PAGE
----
Another Alluring Regional

 | Apr 07, 2014 | 2:00 PM EDT
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I am constantly searching the news and the Interwebs for new information that can help me be a better investor or uncover new opportunities -- and last week I found something that's highly interesting, as well as useful in understanding exactly how the Trade of the Decade, regional banks, is shaping up. In particular, I found a report from BKD CPAs & Advisers that tracked last year's mergers-and-acquisitions activity. There has been a lot going on, and the pace is picking up as regulations and a weak economy have almost forced banks to consider mergers.

The deal count was down a little bit in 2013, with 225 deals done vs. 235 in 2012 -- and it wasn't quite up to the 297-deal level we saw in 2007, before the credit crisis hit with its full fury. Nonetheless, last year's pace picked up steam nicely, and the number of deals was still well above the paltry 147 completed in 2011. The average deal last year was done at 1.19x tangible equity value, so deal valuations are rising a little as well. I expect the pace to accelerate this year, and I anticipate this to continue for several years. The last time we saw a merger wave in the aftermath of a crisis, deal multiples peaked at over 2x tangible book value.

Away from M&A, stock valuations for banks are improving a little, as well. For all publicly traded banks, the average price-to-book value increased from 86% of tangible book to about 1.06%. Again, I expect this number to top out well above 2x book before this is all over and done. The exciting thing about this is that most banks have put their credit issues behind them and will see book value grow over the next several years. As a result, the multiple of current book value could become 3x to 4x as the Trade of the Decade continues to accelerate.

There aren't as many cheap banks right now as there had been in 2010 or 2011, when pretty much all of them traded below book value, but there are still plenty of opportunities to get your money to work in good banks at good prices. I sat down this morning and looked for banks trading below book value that will allow you to participate in the Trade of the Decade.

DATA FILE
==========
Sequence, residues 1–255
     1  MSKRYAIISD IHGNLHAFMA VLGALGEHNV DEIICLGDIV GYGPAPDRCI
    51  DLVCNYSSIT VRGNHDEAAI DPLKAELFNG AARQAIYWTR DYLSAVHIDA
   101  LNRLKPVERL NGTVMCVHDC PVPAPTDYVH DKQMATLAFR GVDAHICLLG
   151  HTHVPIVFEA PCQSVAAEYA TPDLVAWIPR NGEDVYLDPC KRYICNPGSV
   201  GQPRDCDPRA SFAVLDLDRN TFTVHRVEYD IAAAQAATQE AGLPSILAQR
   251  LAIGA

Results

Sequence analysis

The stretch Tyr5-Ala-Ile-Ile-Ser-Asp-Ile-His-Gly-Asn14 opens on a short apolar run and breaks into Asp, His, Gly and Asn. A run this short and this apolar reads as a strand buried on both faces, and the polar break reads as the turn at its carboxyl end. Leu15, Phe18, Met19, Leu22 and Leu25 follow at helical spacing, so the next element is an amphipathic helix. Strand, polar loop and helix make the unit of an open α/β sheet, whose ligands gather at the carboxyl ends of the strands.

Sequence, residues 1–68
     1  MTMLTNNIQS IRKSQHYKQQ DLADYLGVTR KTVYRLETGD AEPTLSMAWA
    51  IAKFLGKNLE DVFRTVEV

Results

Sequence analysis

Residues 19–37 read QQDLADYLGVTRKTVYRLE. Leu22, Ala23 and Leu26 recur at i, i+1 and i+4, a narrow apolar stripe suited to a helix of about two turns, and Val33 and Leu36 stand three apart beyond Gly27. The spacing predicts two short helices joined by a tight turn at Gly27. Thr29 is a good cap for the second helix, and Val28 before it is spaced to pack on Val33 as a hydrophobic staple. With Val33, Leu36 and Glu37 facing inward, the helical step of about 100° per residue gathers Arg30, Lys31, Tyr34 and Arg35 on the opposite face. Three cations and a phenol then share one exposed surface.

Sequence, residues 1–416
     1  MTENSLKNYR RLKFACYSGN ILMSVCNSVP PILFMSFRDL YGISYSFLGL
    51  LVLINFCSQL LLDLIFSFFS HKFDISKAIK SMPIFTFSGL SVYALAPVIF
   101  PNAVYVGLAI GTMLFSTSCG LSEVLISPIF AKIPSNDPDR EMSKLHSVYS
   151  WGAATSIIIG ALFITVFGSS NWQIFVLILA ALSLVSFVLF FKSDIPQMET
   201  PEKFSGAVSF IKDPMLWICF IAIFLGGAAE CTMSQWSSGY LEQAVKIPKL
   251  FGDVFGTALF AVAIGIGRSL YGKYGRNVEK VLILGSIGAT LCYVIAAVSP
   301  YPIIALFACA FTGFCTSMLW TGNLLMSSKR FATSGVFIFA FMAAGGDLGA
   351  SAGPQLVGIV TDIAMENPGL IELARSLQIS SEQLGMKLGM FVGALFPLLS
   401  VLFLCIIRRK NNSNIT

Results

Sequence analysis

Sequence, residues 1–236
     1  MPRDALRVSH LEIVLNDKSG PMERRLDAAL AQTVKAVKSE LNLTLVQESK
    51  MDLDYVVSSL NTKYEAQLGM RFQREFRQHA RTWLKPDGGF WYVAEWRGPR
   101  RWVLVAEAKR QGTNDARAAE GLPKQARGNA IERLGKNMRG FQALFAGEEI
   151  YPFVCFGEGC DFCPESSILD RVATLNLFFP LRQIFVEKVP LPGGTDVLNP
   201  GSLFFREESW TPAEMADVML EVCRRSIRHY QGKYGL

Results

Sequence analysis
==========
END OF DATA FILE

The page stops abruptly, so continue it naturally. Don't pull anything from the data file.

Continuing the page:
Republic Bancorp (RBCAA) is one of the more interesting cheap banks around. It has a very healthy core banking business, operating 42 branches in Kentucky, Tennessee and Indiana. It also has a business that makes tax-refund loans. Although the bank has had some legal wrangling with Jackson Hewitt in the past, those issues have been resolved, and Republic recently signed a new two-year deal with the tax-preparation outfit. It also has a new deal with Liberty Tax Services that should add to the top and bottom line.

Otherwise, Republic is expanding its commercial-lending operation and is planning to open a lending operation to work with its mortgage-lending division. That should help spur residential-loan growth.

Republic stock has sold off since the bank announced the cancellation of a deal to buy H&R Block's (HRB) banking operations. In spite of that setback, management said in the last earnings release that it was committed to growing via acquisition. The bank will need to get its stock price up before it goes on any buying spree, though, as the stock currently trades at just 85% of tangible book value and does not really make for an attractive takeover currency right now.

That aside, the stock should remain a leading dividend growth stock. The stock yields 3.17% right now, and Republic has raised its payout for 14 years in a row.

There are two ways to win with this stock. Republic could just continue making smart acquisitions and grow the bank over the next decade, and keep raising the dividend payout at an above-average rate, which should provide for very satisfactory long-term returns. On the other hand, the firm does have a very attractive branch network and some very interesting lending divisions, so you cannot rule out a larger bank stepping in and buying earnings growth by taking over the company.

The Trade of the Decade is still very much in play, and it is gaining momentum. It is going to be the most boring way to get rich in the stock market you will ever find.



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